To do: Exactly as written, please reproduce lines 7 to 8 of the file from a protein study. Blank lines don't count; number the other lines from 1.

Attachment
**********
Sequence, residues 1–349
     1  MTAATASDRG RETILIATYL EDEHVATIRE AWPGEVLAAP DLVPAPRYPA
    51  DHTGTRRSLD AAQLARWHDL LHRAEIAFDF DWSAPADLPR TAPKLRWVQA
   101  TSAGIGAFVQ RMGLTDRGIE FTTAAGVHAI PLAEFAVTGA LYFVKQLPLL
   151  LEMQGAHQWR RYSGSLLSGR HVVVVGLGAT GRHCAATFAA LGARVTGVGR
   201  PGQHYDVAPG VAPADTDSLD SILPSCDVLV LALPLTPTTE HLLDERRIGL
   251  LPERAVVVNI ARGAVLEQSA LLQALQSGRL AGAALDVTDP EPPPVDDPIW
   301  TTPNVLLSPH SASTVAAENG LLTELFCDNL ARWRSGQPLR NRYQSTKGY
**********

   251  LPERAVVVNI ARGAVLEQSA LLQALQSGRL AGAALDVTDP EPPPVDDPIW
   301  TTPNVLLSPH SASTVAAENG LLTELFCDNL ARWRSGQPLR NRYQSTKGY